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The Great Reforming Pope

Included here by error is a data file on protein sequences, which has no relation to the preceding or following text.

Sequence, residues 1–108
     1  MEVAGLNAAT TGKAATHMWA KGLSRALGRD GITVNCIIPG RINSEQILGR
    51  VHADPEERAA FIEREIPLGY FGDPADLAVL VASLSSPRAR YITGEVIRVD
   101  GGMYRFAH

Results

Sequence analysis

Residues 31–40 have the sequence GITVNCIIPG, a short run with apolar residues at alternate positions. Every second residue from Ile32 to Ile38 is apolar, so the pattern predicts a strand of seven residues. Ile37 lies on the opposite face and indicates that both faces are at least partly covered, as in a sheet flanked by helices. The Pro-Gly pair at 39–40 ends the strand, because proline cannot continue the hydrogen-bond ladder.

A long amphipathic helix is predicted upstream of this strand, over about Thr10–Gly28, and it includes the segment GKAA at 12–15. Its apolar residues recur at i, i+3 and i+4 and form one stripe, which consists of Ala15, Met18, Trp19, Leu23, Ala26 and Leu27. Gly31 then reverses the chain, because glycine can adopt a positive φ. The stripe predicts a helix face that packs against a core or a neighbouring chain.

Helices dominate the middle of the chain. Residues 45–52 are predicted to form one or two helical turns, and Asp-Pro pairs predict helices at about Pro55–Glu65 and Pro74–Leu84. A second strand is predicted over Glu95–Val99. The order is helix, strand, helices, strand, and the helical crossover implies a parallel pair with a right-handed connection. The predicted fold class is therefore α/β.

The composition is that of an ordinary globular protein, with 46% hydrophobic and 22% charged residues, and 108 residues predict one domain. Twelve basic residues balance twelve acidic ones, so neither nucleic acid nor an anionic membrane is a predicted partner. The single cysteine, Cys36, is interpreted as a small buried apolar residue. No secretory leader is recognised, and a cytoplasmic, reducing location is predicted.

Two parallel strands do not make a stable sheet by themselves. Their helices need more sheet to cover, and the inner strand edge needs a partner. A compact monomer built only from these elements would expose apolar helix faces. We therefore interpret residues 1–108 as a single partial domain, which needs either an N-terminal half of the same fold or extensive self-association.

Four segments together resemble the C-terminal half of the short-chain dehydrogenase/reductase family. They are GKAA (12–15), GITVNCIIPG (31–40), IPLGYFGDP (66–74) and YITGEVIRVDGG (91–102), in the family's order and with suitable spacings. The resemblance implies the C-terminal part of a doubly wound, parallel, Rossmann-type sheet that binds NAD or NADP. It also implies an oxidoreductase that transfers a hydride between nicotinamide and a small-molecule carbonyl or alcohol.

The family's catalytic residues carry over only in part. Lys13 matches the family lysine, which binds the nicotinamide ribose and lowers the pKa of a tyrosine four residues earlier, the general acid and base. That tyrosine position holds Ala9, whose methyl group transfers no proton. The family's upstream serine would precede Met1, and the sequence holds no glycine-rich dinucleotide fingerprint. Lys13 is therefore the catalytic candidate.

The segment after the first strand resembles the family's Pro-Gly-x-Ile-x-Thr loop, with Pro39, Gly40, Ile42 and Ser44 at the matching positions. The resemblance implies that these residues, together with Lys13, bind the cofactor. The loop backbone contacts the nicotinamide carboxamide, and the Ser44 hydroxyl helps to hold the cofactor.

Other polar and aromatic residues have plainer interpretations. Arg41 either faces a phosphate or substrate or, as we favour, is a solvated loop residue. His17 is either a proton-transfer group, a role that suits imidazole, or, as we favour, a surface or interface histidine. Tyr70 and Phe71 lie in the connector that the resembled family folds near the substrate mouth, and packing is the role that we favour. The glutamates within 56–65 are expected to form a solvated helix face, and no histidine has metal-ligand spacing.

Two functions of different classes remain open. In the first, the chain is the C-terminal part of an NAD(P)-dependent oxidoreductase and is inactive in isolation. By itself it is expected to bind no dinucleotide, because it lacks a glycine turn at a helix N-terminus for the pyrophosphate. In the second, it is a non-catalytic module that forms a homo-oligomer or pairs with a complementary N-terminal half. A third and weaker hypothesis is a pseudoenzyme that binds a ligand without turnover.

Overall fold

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The present Popo is Cardinal Mastal Forriti. He was born at Pinigaglin, in 1792, of the family of Mastui. Many years since, ho was sent on a mission to Chili. The crueliies of Metternich and his abettors, whiclvhe had long opposed, on his assumption of the titlaofPope Pions IX, gave him an oppoitunity to carry out his liberal views. This he i s boldly doing, without fear of the hostile attitudes nssumed towards him by several of the Italian State?. A masierly work his appeared, by Azeglio, which is an appeal to Europe, on the Present movement al Rome. - From this work, the Journal of Commerce has made an epitome of his roforms. He seems to be a ruler as resolute as Luther, yet gentier than Melancihon. - The throne which lottered under his feet when lie ascended iis now the (ir mest :n Europe. In order that lie miglit be informedof all grievances, and render the access of complaints to himself ns easy as possible, ie caused a letter-box to be put up on the ouisideof the palace, in wliich the peo)le were invited to deposite letters for lim. The key he kepf, and (vent himself for the letters. The night of his election he wrote to his tvvo brothers,inbrming them of his election, but requestng them not to come to Rome, and not o accepet any office, linmediately on lis accession, he sold off a part of the earriagos, horses, &c, of the establishment, and so reduced the expenses and omp of the oflice. He found that the able of the palaee was furnished wilh seven suceessive couises of dishes, and directed the royal eooks thereafter to irepare only three, as that was the numjerto which he had been accustomed. - ïe went through the streets on foot, which the five precoding Popeshad never jone. He preached, which no Pope liad done before for three hundred years. - Ie sought the society of men oftalents and information, and spent much time with them, and wilh the officers of the 'overnment, discussing p.rojects of rebrm. He gave audiences without the ordinary ceremonies, aud appointed days on which the meanest subjects could have access to his person. Nor were these mere to gain popularity, but the fruits of an hor.est desirp to be acquainted with he wants of the people, that he might relieve them. A coirunon soldier brought to him a miserable loaf of bread, and said it was a fair sample of their ralions. i'ius look the loaf, and laid it on the )late of the minister of war, whom he lad invited to dinner ; and as the astonished functionary turncd pa!e, charged him with the fault. After tbat he went through the barracks, found 4000 loaves of a similar character, which he distributed to the poor; he degraded the minister, imprisoned the bakers, and gave each soldier money to buy bread for himself. On the 16th of July, just one montb after his election, appeared the fiïst great publicad of his administralion, in a decree of amnesty for political offonces, which restored to liberty, their country, their homes, and the rights of cilizenship, the vlctims of previous tyranny, to the estimated number of 6000. Many of them were in great poverty, and a subscription was started in Rome for their relief. Marini, governor of the city, represented to the Pope that a dangerous political motive had prompted the moveinenl. The Pope called for the subscriptión paper, put down his own name for I0Ö and Marini's-for 10 scudi, and dered it to be handed around amongsi the nobiiity. Renzo the leader ofaninsurtection at Rimini the previous year, cnllcd on him to return thanlcs for the restoration of his liberty, and was receivedas a son rather tlian a rebel, and during an affectioiiate conversation Pius took from his desk n copy of Renso's revolutionary prociamation, and said that although parts of it were wrong it contained many useful süggestions of which he should avail himsclf. Galetti.'another rebel lsadar, who had been in prison three years, presenled Iiim a memoir on the reforms which were needed in the law of mortgiges, nnd received in return a medal of honor. This conduct showed (hal ba symprahizcrf with il, and ac'ion of the politica! offeiiders, as well as wiih their sufferings. He in fact put himself at the head of the reform pirty, and set himself busily at work to brJng about those very changes which a few months before it was treason to think of. " My people," said he, laying his hand on the New Testament, "may expect justice and mercy from me, for my only guide is this book." He sent out circulara to the governors of the provinces, requiring them to investígate and report upon the temporal and religiouscondition of the people, and the methods of improving them, and especiallv with regard to the diffusien ofeduaction, and the establishment of a military school for poor boys at Rome. - With the same object, he re-instituted a board of education, which had been first established by Leo X, but never called togpther since his time. He appointed a number of committees, parlly ofecclesiastics and partly of leirned laymen, cach charged with the investigation of some subject which concerned the public welfare and of drawing up of plans for ameliorating the condition of the people. Among these subjects were the following:- Reform of the municipal regulations - Reform of the criminal and civil code, the commission on which have already reported in favor oftrial by jury - Suppression of vagrancy - Improvement of forests and ri vers,- Construction of railroads - The condition of the Jews in Rome - The tariff on imports - j The duties upon salt and other articles of: home production - The sanatory condition of towns, and the erection of gas works. Ile proposed also to his council the abolition of capital punishmems ; and the secularizing of the state offices, which had long been monopolized by the clergy. The cardinals who composed this council were some of them shocked at the infallible radicalism of the Iïoly See, and j one of them told him thnt if he did not; alter his system.the people would demand i a constitution. "And why,:' was the answer, "should I not accede to their desire, if a constitution is necessary to the welfare of my subjects." Such an answer did r.ot salisfy the uneasy dignitaries, and a conspiracy was form'ed, but ïts authors were discovered, the council aboüshed, and one appointed in ts place composed of simple prelates.with a single cardinal for president, and now that also has gi ven way toa body composed panly of laymen. - Formidable opposition was experienced from neighboring despotic governments, and especially that of Austria, which made energetic protests, gaihered armies, fomented iesu-rrections, and even marched her troops intothe Papal territory. Amidst all those difficulties, adJ to those which are inseparable from such an immense labor of reform asPius IX, marked out for himself,it is not wonderful that he halbeen obliged to defer the execution of some projects till a more favorable season, and to even recede slightly in one or two points from positions already taken. In these cases, however, he has shown the sincerity of his inter.tions, by making, as far as possible, real concession to liberty, and only formal concessions to despotism. - Thus in regard to the censorship of the press, a point on which the remonstrances of Austria are supposed to have been especially urgent, tho subjects of the Popa were greally disappointed by the langunge of the decree which he issued, mitigatina but slightly theseverity of previous laws, and equally gratified by the r.haracter oflhe new censors, who hnd been selected from the ranks of literary men of known liberality. The execu(ion of the law has been so satisfaclory, that the number of newspapers in Rome has trebled under its influence, and that of other pubücations doubled, so that the whole number of periodicals is now not far from 80. Be the intentions of the new Pope whst they may, he hos so managed both his privóte conduct and public acts, ns to gain the unbounded confidence of his peopln, and produce such good conduct, order and quiet among them as to astonish even his best friends. The number of offences coinmittec! ngainst persons or property in Rome, in June, 1816, was 500; in July 340, n August 380, n Sept. 200 and n October 122. The following is a list of reforms actually accornplished: A rcduefion of the tariiF on imported colton goods one quarter, and on woolen and mixed goods one half. A reduction of the internal diitios on salt and some other articlos of universal eonsumption. The coneession cf private companies of four unes of proposed railroads, having a totnl length ofnearly 400 miles. The 0,000 hired Swiss soldiers were sent home, and nntional and civic guards organizad in their stead. Thf publifcatiPn of a new journa] with the proceedings in the Courts of Justice has been authorized. ' The learned men are permitted to attend to Italian Scientific Congress, which tlie previous Pope had forbidden their doing. The Ghetto, that miserable part of Rome in which the Jews have hitherto been confined, is throyvn open, and they are aüowed to live elsewhere. Some special tnxes which they labored under are removed, and to insult a Jew is now a criminal ofFenceseverely punished. The law concerning the liberty of the press was so altered that the censors must hereafter be laymen. A municipal council has boen granted to the city of Rome, to becomposed of hundred persons, ofwhom sixty-four are to be proprielaries, thirty-four to be men of business, and only four ecclesiastics. - This is the legislative body, and from itself it chooses an executive body of nine, who serve without pa)'. A resident Council of State has been convened, consisting of one member from each province of the Papal territory,two from Bologna, and four from Rome, twentyfour in all,besidcs a cardinal as president. This body is to delibérate and advise about all national afFairs, and is almost a legislalure. These councils are not elected by the people, yet their organization goes a great way towards recognizing the principies of popular represenlation. With regard to puvely ecclesiastical mallere, the Pope has projecied none but moral reforms. He has exhorted the religious orders to purity, the elergy to preaching with simplicity and furbidden the ecclesiastics of Rome to attend the theatre.